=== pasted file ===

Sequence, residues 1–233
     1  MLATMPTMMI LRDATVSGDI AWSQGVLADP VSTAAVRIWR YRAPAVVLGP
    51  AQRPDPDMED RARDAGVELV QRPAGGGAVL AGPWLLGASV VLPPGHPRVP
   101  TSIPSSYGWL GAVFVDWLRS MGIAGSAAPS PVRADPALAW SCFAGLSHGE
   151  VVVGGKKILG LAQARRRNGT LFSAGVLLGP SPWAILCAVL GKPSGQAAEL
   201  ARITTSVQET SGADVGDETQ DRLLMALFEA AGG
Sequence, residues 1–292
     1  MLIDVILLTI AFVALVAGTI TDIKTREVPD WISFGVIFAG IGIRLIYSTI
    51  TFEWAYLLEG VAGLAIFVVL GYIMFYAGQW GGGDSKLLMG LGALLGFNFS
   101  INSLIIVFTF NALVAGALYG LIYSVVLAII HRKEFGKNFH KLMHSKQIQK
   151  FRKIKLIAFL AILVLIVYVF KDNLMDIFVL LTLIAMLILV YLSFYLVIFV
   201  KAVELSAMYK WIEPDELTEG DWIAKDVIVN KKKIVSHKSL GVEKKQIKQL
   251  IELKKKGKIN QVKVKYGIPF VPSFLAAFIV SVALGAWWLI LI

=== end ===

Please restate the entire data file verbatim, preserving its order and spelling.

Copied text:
Sequence, residues 1–233
     1  MLATMPTMMI LRDATVSGDI AWSQGVLADP VSTAAVRIWR YRAPAVVLGP
    51  AQRPDPDMED RARDAGVELV QRPAGGGAVL AGPWLLGASV VLPPGHPRVP
   101  TSIPSSYGWL GAVFVDWLRS MGIAGSAAPS PVRADPALAW SCFAGLSHGE
   151  VVVGGKKILG LAQARRRNGT LFSAGVLLGP SPWAILCAVL GKPSGQAAEL
   201  ARITTSVQET SGADVGDETQ DRLLMALFEA AGG
Sequence, residues 1–292
     1  MLIDVILLTI AFVALVAGTI TDIKTREVPD WISFGVIFAG IGIRLIYSTI
    51  TFEWAYLLEG VAGLAIFVVL GYIMFYAGQW GGGDSKLLMG LGALLGFNFS
   101  INSLIIVFTF NALVAGALYG LIYSVVLAII HRKEFGKNFH KLMHSKQIQK
   151  FRKIKLIAFL AILVLIVYVF KDNLMDIFVL LTLIAMLILV YLSFYLVIFV
   201  KAVELSAMYK WIEPDELTEG DWIAKDVIVN KKKIVSHKSL GVEKKQIKQL
   251  IELKKKGKIN QVKVKYGIPF VPSFLAAFIV SVALGAWWLI LI